And when the tornado sirens blow, we MOVE.
I was born and raised in Tornado Alley. Which is a misnomer, because it's no alley. It's more like a vast parking lot, stretching across much of the mid-section of the United States. On the evening of May 20, 1957, an F5 tornado ripped through the Ruskin Heights area, just south of Kansas City, destroying the high school, a junior high, an elementary school, a church, a shopping center, and hundreds of relatively new homes and other businesses. Few of the homes had basements, and there were no storm sirens. 34 people were killed, including two staff members at the high school.
|What was left of Ruskin High School - 5/20/57|
My parents bought a home in Ruskin Heights a few years later, after everything had been rebuilt. I grew up attending Ruskin Heights Presbyterian Church, which had been destroyed in the tornado and which served as a temporary morgue in the aftermath of the storm. Warning sirens had been installed after the tornado, and everyone heeded them. Our home didn't have a basement, but our next door neighbors' did, and we headed there any time the sirens blew. We even had a key to their home, in case they weren't there when a storm came through. The schools were rebuilt, but if there were so much as a tornado WATCH, we were sent home from school (something we kids LOVED, as we might get sent home early once or twice a week during the spring).
There were other reminders of the tornado as well, such as the church member who was confined to a wheelchair due to her injuries (and who had had a young daughter pulled from her arms as she ran for shelter at the church that evening). The nail heads that attached the drywall to the studs in our homes were all raised bumps, as the pressure of the tornado had forced them to pop out slightly. In fact, I was a pretty big kid before I found out that this wasn't "normal" in a home.
And when the sirens blew that there was a tornado warning (meaning a tornado had been SIGHTED, for those of you who don't live in Tornado Alley), we hustled to a basement. Fast.
So, after many years of moving around the country, my husband and I moved back to Missouri. And the most important criteria I had for finding a house was that it HAD to have a basement. I may have lost my childhood terror of hearing those sirens, but I knew that tornadoes meant BUSINESS, and I had a healthy respect for their power.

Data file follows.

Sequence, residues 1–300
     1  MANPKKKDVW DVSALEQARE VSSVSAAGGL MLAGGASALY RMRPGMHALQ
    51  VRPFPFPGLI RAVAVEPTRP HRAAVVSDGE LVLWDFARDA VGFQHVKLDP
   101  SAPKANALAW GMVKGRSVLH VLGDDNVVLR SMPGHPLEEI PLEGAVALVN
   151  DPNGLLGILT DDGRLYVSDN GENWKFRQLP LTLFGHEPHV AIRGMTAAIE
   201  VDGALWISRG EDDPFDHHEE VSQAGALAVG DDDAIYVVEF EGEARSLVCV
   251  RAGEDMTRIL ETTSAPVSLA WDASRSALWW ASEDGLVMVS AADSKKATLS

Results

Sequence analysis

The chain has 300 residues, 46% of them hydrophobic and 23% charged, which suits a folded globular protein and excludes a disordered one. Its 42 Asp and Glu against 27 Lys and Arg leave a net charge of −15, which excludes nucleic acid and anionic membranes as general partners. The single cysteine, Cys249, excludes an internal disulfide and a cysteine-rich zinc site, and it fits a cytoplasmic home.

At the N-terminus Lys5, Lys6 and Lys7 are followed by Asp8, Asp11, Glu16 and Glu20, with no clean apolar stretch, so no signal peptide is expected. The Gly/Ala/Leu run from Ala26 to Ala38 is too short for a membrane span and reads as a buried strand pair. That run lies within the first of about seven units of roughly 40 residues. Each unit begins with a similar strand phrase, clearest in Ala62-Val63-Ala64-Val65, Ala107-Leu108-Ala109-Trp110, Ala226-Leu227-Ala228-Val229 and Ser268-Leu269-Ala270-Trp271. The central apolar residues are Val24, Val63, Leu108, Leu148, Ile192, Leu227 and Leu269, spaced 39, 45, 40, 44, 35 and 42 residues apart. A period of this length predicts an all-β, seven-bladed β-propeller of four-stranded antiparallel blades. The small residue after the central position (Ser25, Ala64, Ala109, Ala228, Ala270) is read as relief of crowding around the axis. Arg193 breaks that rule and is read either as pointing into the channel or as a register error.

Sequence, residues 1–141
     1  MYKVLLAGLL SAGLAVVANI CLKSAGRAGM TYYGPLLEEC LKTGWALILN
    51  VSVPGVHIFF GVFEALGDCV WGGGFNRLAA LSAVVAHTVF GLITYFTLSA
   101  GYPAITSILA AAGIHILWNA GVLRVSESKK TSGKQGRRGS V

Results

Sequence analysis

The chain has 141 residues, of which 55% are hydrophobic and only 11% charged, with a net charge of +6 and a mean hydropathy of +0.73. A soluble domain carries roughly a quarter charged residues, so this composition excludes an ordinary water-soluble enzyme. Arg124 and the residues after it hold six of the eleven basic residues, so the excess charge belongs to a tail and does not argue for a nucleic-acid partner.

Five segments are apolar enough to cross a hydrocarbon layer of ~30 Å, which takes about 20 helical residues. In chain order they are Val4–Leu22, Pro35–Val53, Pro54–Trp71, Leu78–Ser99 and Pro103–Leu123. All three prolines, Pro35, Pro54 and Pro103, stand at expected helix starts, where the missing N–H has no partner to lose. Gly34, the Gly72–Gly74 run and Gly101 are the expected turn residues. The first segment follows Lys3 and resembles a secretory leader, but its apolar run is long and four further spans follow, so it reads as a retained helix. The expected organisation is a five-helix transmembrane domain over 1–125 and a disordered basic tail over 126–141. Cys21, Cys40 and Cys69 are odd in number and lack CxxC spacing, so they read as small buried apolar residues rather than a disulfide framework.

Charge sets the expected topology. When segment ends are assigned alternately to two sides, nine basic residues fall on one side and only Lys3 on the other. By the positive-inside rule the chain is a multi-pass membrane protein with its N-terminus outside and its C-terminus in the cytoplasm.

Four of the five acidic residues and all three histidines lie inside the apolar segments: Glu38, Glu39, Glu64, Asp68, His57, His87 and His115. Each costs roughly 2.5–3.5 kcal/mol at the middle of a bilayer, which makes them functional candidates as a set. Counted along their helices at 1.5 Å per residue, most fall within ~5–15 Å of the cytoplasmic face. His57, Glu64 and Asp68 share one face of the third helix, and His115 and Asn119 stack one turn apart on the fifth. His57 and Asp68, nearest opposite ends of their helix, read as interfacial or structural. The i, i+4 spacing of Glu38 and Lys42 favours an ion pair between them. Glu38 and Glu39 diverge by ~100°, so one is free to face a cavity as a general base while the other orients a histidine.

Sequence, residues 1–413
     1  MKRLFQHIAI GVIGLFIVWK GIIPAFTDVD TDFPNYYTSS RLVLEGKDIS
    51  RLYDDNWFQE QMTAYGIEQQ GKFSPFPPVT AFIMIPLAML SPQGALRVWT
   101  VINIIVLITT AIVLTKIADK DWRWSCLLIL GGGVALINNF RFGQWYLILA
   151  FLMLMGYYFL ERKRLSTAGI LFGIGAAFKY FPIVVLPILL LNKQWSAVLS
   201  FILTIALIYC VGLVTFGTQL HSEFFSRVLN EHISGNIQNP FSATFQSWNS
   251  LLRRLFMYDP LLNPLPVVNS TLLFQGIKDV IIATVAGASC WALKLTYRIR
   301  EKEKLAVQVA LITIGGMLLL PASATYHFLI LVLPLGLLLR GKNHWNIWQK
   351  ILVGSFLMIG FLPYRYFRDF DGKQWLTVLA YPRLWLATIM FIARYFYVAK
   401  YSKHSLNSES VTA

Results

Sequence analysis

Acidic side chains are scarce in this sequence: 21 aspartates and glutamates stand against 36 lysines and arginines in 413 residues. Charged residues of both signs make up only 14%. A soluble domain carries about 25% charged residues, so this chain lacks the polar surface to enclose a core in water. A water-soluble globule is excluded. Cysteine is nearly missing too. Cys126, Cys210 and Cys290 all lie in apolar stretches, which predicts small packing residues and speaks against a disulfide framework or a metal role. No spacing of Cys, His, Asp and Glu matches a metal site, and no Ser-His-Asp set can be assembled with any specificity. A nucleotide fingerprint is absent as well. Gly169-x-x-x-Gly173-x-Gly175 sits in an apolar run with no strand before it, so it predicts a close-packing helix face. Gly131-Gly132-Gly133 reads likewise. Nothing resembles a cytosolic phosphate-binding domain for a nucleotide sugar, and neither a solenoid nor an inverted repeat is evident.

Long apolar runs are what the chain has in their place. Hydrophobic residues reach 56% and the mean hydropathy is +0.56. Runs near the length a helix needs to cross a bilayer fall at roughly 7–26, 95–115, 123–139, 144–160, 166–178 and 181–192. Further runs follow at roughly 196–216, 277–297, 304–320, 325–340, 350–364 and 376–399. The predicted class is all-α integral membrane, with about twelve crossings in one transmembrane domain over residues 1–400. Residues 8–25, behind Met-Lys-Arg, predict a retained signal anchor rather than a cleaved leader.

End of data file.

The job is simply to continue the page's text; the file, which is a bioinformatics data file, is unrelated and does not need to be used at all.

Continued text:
Then on the evening of May 22, 2011, while a severe thunderstorm warning had been issued and rain was pelting down, a tornado was spotted on the Kansas/Missouri border just west of Joplin, and the tornado sirens were sounded.
We jumped into action, with the house rule of putting on tennis shoes, grabbing the cell phones, the car keys, and my purse, and heading to our basement. Our cats followed us down, curious as to why we were rushing around so, and we shut the door and turned on the radio.
Regular programming was interrupted with the weather report. The tornado was moving to the northeast, heading directly toward our part of town. My husband and I exchanged glances and he said, "This is really going to happen."
My daughter, then 12, sat on the floor next to the furnace (and the litter box), a large Rubbermaid container over her head, crying.
My 15 year old son, who had grabbed a bag of pretzels on his way through the kitchen to the basement, was stuffing pretzels in his mouth, crumbs flying everywhere.
I was madly sweeping up kitty litter, having determined the safest place in the basement was right where the litter box was.
My husband was listening to the progress of the tornado.
The cats were milling about.
The announcer began talking about the tornado being on the ground in an area known as Iron Gates. Then there was talk of the hospital being hit. We were confused. That was NOT the path the tornado was supposed to be taking. I stopped sweeping and listened. The tornado had changed its path. It was no longer headed towards our neighborhood. Instead, it cut a swath up to a mile wide and over six miles long across the heart of the city.
The high school was destroyed, as was one of the two hospitals in town, three elementary schools, plus churches and businesses. Nearly 7000 homes were completely destroyed, with hundreds more sustaining damage. 161 people were killed, hundreds injured. While our home was spared, our lives would never be the same. (You can read about a major way I was affected here and here.
|Mercy Hospital, completely gutted.|
|Joplin High School|
|Beyond the sign was once|
the high school, surrounded
by homes and big trees.
|The beloved dance studio where|
my daughter spent much of her time.
|Sad little dancer.|
Today is the anniversary of the Ruskin tornado. In two days, it will be the second anniversary of the Joplin tornado. We spent half an hour in our basement this evening when a line of severe thunderstorms brought the imminent threat of a tornado.
And earlier today, before it made its way across Oklahoma to us, the same storm that came through Joplin produced a tornado that ripped through Moore, Oklahoma. News reports are still coming in, and it will be awhile before we know just how devastating this tornado was. I hope they feel the prayers coming their way from those who have been there and understand.
Mother Nature can be a mean, ugly, old bitch. Don't turn your back on her. Heed warnings. Be safe.
***If you feel led to give, please consider donating to the American Red Cross. You can make a $10 donation to the Disaster Relief Fund via text message by texting the word REDCROSS to 90999. If you wish to direct your donation specifically towards Oklahoma tornado relief, you can call 1-800-REDCROSS. Your local Red Cross office will also take your monetary donation.